|Boddu, Veera -|
Submitted to: Journal of Agricultural and Food Chemistry
Publication Type: Peer Reviewed Journal
Publication Acceptance Date: March 6, 2012
Publication Date: March 6, 2012
Citation: Uchimiya, M., Wartelle, L.H., Boddu, V.M. 2012. Sorption of triazine and organophosphorus pesticides on soil and biochar. Journal of Agricultural and Food Chemistry. 60(12):2989-2997. Interpretive Summary: Environmental fate of agrochemicals is complex, and is controlled by sorption and degradation in soils. Chemical structure of the pesticide controls how fast and how far the sorption and degradation proceed, depending on the soil property (organic matter, clay, and other mineral contents). This study provides a useful information for predicting the fate of different agrochemicals in soils as well as biochar, a soil amendment used to enhance agricultural production. Agrochemicals (malathion, parathion, diazinon, and deisopropylatrazine) were irreversibly sorbed on soils and biochars. Some agrochemicals suppressed the sorption of another agrochemical on soils. Biochars having high surface area were able to sorb as much as half of its own weight of agrochemicals. These results will allow producers to predict both efficacy and runoff contamination risk of different agrochemicals, and utilize biochars for a long-term pesticide management practice on farm.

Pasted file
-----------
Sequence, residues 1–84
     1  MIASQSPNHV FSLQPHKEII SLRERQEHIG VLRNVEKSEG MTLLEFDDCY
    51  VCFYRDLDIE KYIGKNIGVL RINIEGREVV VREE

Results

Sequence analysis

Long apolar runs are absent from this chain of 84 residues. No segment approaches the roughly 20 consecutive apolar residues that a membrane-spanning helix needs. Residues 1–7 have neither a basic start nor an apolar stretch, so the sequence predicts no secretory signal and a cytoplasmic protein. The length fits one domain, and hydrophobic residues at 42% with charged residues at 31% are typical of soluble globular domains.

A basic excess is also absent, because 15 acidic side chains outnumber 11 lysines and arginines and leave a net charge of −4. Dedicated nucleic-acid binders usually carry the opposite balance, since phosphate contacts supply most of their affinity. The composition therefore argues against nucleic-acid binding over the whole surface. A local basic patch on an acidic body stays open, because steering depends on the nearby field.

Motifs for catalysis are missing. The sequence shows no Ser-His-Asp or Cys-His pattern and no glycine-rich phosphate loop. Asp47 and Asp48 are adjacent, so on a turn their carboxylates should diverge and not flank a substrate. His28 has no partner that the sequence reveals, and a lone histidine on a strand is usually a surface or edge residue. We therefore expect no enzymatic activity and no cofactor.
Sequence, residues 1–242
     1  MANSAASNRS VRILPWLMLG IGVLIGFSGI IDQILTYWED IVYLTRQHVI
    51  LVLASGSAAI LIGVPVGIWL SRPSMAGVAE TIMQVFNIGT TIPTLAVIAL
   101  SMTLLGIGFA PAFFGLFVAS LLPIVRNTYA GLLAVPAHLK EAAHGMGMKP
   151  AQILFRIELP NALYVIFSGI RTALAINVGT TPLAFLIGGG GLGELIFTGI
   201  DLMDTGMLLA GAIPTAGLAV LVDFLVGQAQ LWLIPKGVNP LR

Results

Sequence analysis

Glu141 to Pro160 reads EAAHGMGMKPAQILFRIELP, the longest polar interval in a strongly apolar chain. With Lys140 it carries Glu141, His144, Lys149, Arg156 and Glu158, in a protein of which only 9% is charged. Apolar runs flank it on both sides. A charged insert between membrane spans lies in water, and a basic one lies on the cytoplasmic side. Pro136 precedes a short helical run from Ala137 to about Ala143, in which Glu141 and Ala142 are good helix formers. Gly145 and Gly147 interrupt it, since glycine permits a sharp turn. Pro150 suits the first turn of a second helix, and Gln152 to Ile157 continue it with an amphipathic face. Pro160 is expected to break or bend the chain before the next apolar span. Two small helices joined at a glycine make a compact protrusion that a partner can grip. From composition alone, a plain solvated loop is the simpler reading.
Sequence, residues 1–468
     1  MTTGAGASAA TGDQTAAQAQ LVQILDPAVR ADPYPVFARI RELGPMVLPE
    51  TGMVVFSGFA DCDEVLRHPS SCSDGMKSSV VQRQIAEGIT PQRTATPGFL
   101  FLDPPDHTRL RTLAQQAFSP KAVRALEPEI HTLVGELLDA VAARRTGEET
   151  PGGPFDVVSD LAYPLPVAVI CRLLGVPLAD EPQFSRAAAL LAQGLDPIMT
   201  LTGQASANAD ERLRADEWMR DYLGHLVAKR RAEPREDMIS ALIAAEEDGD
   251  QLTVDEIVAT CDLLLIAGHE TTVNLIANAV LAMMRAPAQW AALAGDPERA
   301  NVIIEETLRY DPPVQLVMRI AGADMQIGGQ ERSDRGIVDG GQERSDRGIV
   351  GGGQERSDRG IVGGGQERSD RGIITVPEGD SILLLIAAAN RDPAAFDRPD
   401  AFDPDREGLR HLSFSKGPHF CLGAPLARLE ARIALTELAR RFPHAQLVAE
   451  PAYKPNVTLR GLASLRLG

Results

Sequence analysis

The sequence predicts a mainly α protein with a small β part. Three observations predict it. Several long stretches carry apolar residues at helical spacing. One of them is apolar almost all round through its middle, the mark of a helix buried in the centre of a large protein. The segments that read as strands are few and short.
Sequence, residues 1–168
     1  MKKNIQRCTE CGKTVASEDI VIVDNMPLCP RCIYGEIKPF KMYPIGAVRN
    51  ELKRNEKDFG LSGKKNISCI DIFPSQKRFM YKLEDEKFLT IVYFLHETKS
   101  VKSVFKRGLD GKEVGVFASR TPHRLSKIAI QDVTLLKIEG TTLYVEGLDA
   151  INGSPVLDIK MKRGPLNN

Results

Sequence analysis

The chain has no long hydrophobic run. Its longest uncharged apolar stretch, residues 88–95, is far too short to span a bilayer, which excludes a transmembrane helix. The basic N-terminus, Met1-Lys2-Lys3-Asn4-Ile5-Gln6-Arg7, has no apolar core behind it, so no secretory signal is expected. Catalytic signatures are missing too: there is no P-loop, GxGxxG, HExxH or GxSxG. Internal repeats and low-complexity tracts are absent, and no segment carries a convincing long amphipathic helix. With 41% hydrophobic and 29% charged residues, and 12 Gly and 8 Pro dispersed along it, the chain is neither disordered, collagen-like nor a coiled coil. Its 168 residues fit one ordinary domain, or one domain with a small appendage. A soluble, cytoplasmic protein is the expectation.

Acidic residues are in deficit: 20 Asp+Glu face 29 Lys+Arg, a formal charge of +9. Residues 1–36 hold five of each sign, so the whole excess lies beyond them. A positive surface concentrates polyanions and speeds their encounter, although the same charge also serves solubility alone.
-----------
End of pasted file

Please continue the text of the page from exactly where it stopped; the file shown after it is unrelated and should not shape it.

Technical Abstract: Although a large number of reports are available on sorption and degradation of triazine and organophosphorus pesticides in soils, systematic studies are lacking to directly compare and predict the fate of agrochemicals having different susceptibilities for hydrolysis and other degradation pathways. This study investigated the sorption-desorption isotherms and kinetics for triazine (deisopropylatrazine) and organophosphorus (malathion, parathion, diazinon) pesticides on clayey, acidic and weathered Puerto Rican valley soil, heavy metal contaminated small arms range (SAR) soils of sandy and peaty nature, as well as selected biochars having a wide range of BET surface areas (4.7-2,061 mg g-1). On the valley soil, malathion sorption did not reach equilibrium for 3 wk, suggesting more irreversible sorption (likely involving covalent binding on soil components) compared to diazinon and deisopropylatrazine (that are more likely to bind via weaker, e.g., cation exchange mechanism). For both triazine and organophosphorus pesticides, greater sorption was observed on a peaty SAR soil containing 16-fold higher total organic carbon, compared to the sandy SAR soil. On SAR soils, deisopropylatrazine competed with the sorption of diazinon and malathion, while neither diazinon nor malathion competed with deisopropylatrazine. Hysteresis was observed for both diazinon and deisopropylatrazine on SAR soils. Comparison of solution-phase phosphorus and malathion concentrations suggested the binding of phosphorus-containing degradation products on soil surfaces. Prolonged contact with SAR soils also resulted in the degradation of diazinon and an increase in soluble phosphorus concentrations. The following general increasing trend was observed for the sorption on different soil samples: deisopropylatrazine < malathion < diazinon < parathion. Sorption of a stable and least sorbing compound, deisopropylatrazine, was highly hysteric on cottonseed hull biochars prepared at 350 and 800 oC, and was dramatically enhanced by higher BET surface areas of biochars resulting from higher pyrolysis temperature and by steam and KOH activations.